Festival of the Dead in Salem, Massachusetts
 

Maybe one day we'll get to do a guest lecture!

Salem scares up Halloween fun, with a history lesson on the side
By Michelle Ji Young Yi
The Daily Free Press (Boston University), October 31, 2003

Boston is home to many unique individuals, but a woman dressed as a witch or a man walking on stilts will still elicit strange looks from passers-by.

In Salem, the town about 20 miles north of Boston where the witch trials of the 1600s took place, witches are commonplace and psychics run as big a business as local café owners.

Salem and the surrounding area raked in $982.6 million from the 2.7 million tourists who visited last year, according to the Massachusetts Office of Travel and Tourism.

Notorious as the “world capital for Halloween,” Salem attracts tourists from across the country. Connecticut residents Samantha Hansen and Megan Siedman traveled from Glastonbury, Conn. to participate in the festivities.

“We came for the Witchcraft Expo, and we’ve been having a pretty good time so far,” Siedman said.

But while haunted houses and merchants selling Halloween trinkets are ubiquitous, many other Salem attractions that fall into a different genre of entertainment go unnoticed.

WITCHES CHANGE CULTURE
No matter how hard a tourist may try to escape the realm of witchcraft in Salem, it is nearly impossible.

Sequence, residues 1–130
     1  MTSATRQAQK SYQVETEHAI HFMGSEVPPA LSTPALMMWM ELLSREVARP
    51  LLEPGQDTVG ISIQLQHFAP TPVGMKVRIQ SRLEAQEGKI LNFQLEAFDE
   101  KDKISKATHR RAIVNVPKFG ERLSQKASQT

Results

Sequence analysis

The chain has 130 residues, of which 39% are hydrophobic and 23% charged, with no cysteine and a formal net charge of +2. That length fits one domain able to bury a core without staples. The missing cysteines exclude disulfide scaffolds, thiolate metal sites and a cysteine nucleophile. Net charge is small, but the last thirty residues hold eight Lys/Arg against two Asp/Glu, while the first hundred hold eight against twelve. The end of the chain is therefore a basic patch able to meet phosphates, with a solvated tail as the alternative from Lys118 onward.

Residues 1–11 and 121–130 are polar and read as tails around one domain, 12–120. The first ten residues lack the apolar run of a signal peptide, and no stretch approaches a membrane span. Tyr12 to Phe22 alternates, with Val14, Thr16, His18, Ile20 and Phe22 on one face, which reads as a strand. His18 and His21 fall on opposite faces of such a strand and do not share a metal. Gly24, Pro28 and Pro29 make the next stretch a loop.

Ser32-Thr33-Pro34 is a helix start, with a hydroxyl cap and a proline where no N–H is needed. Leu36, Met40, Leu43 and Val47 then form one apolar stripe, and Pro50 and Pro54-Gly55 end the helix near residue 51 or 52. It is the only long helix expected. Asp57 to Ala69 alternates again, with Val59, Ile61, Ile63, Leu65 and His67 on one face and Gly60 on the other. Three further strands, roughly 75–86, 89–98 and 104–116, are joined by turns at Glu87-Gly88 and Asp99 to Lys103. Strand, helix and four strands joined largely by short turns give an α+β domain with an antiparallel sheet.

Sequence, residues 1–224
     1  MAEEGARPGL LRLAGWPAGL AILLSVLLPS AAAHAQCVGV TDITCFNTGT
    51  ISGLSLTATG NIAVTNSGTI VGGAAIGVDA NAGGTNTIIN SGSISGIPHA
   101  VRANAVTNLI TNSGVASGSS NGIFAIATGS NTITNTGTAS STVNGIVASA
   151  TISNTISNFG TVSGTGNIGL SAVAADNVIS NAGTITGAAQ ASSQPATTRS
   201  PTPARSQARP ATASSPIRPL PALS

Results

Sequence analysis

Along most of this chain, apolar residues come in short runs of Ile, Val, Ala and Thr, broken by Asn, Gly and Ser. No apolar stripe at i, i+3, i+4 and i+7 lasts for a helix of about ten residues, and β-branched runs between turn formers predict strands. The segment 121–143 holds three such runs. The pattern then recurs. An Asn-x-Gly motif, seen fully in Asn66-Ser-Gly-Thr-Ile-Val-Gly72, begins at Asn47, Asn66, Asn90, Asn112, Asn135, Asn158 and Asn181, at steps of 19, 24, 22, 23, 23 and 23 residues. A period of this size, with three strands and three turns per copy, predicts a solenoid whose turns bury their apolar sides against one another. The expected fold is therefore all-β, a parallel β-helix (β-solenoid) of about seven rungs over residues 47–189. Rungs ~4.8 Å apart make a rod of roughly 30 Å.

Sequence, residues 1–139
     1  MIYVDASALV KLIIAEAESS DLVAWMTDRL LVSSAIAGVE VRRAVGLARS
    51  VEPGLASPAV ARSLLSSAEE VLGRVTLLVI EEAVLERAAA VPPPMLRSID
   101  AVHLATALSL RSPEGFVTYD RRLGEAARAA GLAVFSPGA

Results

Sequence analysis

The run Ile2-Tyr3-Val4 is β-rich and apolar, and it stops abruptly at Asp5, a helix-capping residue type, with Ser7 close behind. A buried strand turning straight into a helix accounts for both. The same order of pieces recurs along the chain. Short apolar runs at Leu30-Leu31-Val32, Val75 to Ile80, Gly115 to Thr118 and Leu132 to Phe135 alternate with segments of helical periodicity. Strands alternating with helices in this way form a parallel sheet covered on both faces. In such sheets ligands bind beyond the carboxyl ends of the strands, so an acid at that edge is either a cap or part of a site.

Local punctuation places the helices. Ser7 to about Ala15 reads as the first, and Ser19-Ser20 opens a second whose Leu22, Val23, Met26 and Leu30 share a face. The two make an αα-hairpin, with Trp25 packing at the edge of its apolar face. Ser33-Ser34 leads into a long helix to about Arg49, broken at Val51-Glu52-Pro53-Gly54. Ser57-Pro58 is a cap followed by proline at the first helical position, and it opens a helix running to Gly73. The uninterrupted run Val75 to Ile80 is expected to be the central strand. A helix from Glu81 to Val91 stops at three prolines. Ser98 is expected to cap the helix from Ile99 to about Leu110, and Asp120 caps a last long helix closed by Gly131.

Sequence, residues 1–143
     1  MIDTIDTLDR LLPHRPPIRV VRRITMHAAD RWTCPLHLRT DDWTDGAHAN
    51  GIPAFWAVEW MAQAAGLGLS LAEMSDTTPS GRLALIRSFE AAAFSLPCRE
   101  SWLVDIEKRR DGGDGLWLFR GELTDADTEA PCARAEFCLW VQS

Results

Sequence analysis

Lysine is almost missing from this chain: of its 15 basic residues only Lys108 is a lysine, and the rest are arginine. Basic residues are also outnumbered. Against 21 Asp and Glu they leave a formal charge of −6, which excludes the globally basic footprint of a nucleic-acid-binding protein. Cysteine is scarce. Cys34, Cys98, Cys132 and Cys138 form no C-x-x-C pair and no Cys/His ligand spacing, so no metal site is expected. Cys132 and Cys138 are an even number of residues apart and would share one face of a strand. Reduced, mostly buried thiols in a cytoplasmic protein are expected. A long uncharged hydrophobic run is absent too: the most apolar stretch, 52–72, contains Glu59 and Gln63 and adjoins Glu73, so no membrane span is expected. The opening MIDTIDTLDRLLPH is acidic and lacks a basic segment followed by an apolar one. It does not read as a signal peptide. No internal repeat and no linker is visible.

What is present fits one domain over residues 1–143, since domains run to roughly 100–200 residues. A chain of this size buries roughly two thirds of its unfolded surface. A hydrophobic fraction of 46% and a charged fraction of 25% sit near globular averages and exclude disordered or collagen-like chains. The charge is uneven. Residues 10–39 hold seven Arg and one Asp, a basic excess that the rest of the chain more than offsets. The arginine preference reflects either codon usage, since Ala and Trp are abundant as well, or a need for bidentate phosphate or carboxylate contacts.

Witches Shawn Poirier and Christian Day, who co-host the annual Festival of the Dead, said the event is popular with people familiar with witchcraft as well as those who are simply curious.

“We’re trying to show that Salem’s economy embraces spirituality and that [witches are] here to stay in Salem,” Poirier said.

The event began in the early 1980s and has grown in popularity and turnout every year, Poirier said. The Psychic Fair and Witchcraft Expo consist of tables with psychic mediums holding one-on-one sessions and vendors selling everything from jewelry to tarot cards in the Old Town Hall.

While many types of people visit the fair, Poirier said he has a preference for college students.

“[Students] are very cool. They come here wanting to learn more,” he said. “A lot of the psychics came when they were younger and became a psychic for this fair later on.”

The fair has had an effect on local residents’ opinions of witches as well, Poirier said.



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